Blue Sky Meats' return to profitability spells an end to
about two and-a-half years of turmoil in the international
sheep meat industry, chairman Graham Cooney says.
Directors were ''quite rightly proud'' of how the
Southland-based company had not only survived but moved
forward in a time when the sheep meat processing and
exporting industry had reputedly lost $200 million, he said.
The company has recorded a $1.946 million after-tax profit
for the year to March.
That compared with a $3.8 million loss for the previous year,
a $449,149 loss in 2012 and a $3.6 million profit in 2011.
The management of the early part of the financial year
ensured the residues of the ''disastrous'' previous 18 months
were finally erased, Mr Cooney said, in the company's annual
The remainder of the year was a ''definite return to
normality''. Profitability was steady and it reflected a
market for the company's products that was strong and
However, Mr Cooney said industry challenges had not changed
and, if it was to move forward, the status quo was not an
The vast majority of the industry problems were in New
Zealand, not offshore.
The offshore challenges could only be fixed when the New
Zealand problems had been ''dealt to''.
The industry was production-led but every successful
sustainable industry in the world was market-led, he said.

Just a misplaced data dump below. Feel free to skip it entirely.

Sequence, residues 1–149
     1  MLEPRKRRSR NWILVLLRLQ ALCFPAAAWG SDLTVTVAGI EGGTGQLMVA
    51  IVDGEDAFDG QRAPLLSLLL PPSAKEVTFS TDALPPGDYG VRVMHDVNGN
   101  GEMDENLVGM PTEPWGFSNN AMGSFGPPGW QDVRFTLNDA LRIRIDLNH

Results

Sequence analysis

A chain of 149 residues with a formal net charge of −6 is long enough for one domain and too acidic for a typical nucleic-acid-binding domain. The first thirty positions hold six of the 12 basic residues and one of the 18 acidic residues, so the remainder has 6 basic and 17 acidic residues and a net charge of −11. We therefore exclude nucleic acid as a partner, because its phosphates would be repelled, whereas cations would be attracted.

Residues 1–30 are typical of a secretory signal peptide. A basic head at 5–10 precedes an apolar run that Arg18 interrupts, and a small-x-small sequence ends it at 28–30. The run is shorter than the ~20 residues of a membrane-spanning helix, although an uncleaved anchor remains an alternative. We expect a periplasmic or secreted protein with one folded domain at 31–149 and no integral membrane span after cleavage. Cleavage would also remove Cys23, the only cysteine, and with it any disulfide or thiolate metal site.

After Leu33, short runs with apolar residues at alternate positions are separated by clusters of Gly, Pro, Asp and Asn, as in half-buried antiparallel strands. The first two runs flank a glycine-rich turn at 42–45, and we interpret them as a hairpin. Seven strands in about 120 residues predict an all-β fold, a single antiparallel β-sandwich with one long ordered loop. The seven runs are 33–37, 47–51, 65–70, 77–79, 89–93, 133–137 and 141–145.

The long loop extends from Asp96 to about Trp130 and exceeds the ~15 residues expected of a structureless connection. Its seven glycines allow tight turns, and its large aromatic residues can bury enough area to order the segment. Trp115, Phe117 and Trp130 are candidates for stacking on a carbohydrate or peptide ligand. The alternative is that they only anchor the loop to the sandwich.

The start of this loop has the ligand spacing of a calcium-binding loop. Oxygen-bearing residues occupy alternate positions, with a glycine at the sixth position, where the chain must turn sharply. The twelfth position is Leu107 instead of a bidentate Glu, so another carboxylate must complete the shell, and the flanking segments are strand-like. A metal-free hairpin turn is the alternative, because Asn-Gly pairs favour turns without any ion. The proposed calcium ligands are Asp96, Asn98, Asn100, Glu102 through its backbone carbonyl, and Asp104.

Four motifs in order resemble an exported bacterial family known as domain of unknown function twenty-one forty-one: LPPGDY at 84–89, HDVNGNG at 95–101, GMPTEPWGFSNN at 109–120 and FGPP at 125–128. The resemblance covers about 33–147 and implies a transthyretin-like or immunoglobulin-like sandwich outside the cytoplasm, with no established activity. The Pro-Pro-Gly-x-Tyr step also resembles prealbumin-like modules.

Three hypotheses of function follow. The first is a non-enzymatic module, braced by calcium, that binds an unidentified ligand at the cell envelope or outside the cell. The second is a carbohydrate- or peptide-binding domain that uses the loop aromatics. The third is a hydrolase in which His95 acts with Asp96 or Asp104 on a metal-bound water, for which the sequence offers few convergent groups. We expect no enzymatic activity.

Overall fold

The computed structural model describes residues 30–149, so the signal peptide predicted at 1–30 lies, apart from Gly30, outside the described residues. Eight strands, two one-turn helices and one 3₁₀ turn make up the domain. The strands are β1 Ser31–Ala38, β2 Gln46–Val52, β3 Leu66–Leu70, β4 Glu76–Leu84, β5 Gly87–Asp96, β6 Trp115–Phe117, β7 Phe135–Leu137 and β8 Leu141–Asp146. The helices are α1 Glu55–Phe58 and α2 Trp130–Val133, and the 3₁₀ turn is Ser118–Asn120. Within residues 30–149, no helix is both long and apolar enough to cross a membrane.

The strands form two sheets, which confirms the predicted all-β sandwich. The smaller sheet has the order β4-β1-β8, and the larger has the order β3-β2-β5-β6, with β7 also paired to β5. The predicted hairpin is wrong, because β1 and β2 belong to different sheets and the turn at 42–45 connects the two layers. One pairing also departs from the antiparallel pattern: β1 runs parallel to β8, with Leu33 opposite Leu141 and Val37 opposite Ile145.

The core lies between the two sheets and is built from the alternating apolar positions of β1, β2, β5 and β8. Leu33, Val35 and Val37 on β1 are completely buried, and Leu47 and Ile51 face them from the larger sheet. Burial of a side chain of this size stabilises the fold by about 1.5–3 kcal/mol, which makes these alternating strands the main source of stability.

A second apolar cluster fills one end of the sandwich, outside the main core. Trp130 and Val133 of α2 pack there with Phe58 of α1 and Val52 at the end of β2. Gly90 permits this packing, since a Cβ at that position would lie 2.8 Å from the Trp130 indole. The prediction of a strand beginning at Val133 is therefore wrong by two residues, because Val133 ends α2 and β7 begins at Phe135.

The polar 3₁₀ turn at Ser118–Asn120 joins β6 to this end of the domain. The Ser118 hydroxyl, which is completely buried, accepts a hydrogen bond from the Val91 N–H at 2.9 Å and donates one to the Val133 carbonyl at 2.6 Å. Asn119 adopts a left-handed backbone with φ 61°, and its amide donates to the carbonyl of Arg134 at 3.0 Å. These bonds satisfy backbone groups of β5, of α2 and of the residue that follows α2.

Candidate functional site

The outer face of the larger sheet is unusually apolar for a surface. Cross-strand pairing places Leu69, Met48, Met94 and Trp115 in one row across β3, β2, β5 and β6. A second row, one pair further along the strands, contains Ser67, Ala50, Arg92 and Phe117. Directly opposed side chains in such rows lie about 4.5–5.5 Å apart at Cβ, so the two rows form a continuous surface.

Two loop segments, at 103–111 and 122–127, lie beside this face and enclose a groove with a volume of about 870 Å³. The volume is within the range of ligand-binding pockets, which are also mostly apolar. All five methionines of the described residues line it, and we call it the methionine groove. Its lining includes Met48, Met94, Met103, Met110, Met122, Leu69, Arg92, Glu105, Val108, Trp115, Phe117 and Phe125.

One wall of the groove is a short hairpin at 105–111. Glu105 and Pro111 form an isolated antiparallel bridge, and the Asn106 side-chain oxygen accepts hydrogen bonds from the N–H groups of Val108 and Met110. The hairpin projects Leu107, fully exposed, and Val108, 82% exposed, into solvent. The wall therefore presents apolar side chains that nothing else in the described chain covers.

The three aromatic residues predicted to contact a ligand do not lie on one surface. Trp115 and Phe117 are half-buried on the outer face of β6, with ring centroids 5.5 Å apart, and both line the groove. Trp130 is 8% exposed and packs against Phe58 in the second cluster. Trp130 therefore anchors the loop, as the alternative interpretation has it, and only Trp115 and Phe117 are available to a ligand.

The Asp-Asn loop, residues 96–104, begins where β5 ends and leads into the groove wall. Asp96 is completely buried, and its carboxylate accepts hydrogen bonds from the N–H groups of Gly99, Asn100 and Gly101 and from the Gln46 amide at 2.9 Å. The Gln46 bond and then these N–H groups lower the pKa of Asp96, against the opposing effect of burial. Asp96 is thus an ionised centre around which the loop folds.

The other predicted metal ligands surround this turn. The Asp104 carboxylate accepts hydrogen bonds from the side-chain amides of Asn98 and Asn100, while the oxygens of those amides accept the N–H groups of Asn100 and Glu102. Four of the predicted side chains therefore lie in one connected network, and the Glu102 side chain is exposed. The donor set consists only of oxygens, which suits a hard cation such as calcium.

The financial advantages of having a properly planned
processing industry were at least $5 a head of lamb or
The lack of trust between many suppliers and their meat
company was a ''mirror image'' of what happened between
exporters from New Zealand and offshore importers.
Transparency at all levels was the only way to solve the
mistrust issue, he said.
Late last year, southern-based co-operative Alliance Group
revealed it entered into negotiations over a potential
purchase of Blue Sky Meats, but no agreement was reached.
Mr Cooney said once an approach had been made, the directors
of a public company could not ignore it and must investigate
the offer, rejecting it only if there were ''a number'' of
material concerns that made the offer unacceptable.
Negotiations with Alliance Group were respectful and amicable
but, after two months, the board of Blue Sky Meats determined
the offer was not in the best interests of its shareholders
There was ''no intention'' by either party that the
discussions were to become public.
''The fact that occurred was outside the control of Blue Sky
Meats,'' he said.
Mr Cooney said Blue Sky Meats had made some ''game-changing''
moves over recent years, including a planned approach to
maintaining a strong balance sheet.
Investment in a rendering plant and a skin salting operation
had added significantly to profitability, while a carefully
considered approach to the rapidly expanding Chinese market
was now paying dividends.
Two years ago, the company recognised the reality of lower
stock numbers and reconfigured its shifts.
That resulted in improved profitability while maintaining
individual worker incomes, he said.
Lean Meats, which has a plant in Oamaru, has announced a
record pre-tax profit for the 2013 year of $2.6 million - a
$6.2 million reversal on the previous year.
In the company's latest newsletter, chairman Rob Buddo
described it as a ''satisfying'' result, saying the company
had ''made a quantum leap forward''.